Hadaka no shima
The Naked Island (1960 / Japan / Kaneto Shindo)
This film was made independently by Shindo, as all major companies in Japan refused to invest money in it, though he had already established himself as a film director at that time. He raised about 50 000 dollars I think, and made it on his own.
Now what was the problem of this film?
Fact is that Shindo wanted to make a sound film without any dialogue, and he did!
The story takes place on a small island in Japan in the 60's, where a family of four lead a hard life, having no water or electric light, and also no technological devices. The parents have to bring buckets of water everyday from the nearby mainland, using a small wooden boat, that can only be manouvered by hand. They live from what they grow on the island, and have to take care of it eve ry day. The two boys are both very young and go to school every day on the mainland.
The film shows in beautiful tableaus how these four, and especially the parents, live in the course of a year, mostly through close-ups of the daily routines of watering the plants, collecting the water, and seemingly endless boat trips in between.
As the film takes its time to show these daily struggles of man versus nature in a slow pace, it has nevertheless many cuts, which somehow interrupts the flow of time imo, and doesn't work as intended. Also is the use of no dialogue problematic, as the family and other people at times appear like deaf-mutes, when the director shows us scenes where talk is much needed, but instead of avoiding such scenes, he doesn't know how, and there are some akward moments. At other times this problem is avoided in a good way, and the viewer only gets subtle hints. But the main problem of the film is its portrayal of a patriarchal structure, under which the woman suffers, but which is never condemned. When she tries to rebell two times in the film, it doesn't work out, and in the end she accepts her lot.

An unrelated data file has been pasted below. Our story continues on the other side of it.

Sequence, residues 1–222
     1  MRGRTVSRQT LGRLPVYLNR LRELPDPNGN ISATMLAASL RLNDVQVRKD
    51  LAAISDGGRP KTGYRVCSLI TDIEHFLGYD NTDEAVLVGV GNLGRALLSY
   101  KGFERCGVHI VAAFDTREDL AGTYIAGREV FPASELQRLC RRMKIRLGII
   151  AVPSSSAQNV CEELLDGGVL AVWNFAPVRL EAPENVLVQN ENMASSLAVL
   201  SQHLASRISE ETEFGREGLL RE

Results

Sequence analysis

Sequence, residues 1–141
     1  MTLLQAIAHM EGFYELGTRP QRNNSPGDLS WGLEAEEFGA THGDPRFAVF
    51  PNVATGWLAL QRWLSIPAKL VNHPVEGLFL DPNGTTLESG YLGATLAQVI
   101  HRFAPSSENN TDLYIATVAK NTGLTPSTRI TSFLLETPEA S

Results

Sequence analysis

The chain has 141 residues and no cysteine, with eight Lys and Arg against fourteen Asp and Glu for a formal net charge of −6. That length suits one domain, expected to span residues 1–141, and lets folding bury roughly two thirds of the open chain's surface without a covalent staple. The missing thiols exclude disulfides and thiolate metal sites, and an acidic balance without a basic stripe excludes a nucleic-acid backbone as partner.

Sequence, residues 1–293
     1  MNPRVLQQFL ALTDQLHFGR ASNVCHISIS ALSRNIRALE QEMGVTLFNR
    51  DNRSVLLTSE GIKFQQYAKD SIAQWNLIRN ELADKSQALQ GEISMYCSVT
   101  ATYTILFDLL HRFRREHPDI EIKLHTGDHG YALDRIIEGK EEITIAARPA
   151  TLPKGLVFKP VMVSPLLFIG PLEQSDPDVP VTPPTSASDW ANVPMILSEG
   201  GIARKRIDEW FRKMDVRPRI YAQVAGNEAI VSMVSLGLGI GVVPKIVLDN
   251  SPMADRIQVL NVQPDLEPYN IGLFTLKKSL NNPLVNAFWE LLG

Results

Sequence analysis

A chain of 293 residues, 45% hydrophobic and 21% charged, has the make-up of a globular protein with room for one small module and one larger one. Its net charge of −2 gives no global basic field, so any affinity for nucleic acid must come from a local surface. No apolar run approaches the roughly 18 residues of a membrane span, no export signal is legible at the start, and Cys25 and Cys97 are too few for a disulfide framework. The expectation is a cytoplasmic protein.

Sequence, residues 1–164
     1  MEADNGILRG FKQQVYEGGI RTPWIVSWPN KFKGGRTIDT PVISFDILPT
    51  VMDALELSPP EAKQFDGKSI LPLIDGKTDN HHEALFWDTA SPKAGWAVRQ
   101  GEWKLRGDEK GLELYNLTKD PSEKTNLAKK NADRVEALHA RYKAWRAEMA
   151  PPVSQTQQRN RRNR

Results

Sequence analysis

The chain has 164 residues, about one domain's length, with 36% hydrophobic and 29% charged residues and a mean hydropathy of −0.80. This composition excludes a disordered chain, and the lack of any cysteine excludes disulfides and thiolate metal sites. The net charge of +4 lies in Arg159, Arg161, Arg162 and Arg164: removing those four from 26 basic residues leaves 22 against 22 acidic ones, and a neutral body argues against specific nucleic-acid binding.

The conditions of this are never explained, or why the family doesn't live a "normal" life on shore. The husband is presented as cruel, once slapping his wife so hard in the face, that she falls on the floor, and never showing any signs of affection, even when later in the film one child dies. In the end the director seems to be affirmative of the husbands actions, as life will go on like before.
Besides this hugely problematic portrayal of a japanese family, and some directorial flaws, the film reveals the simple acts of living under such harsh conditions, where almost every movement must lead to a goal, so that like strokes on a canvas, which in the end add up to a full painting, the very act of living becomes a work of art. Each gesture becomes important, as every second of life seems to be squeezed out of the frame, and the pearls of sweat on the forehead and the sucking of water by the plants become metaphors for the struggle of life. The film is a circle of life and death, and shows us that everything in the world is connected, and every living being is dependant on another, while it at the same time glorifies the human spirit and achievement, which creates life out of nothing, and survives under the most extreme conditions. The film can thus be seen as an ode to human endurance.
Recommended for all lovers of Japanese Cinema, and World cinema in general. Personal rating **3/4 / ****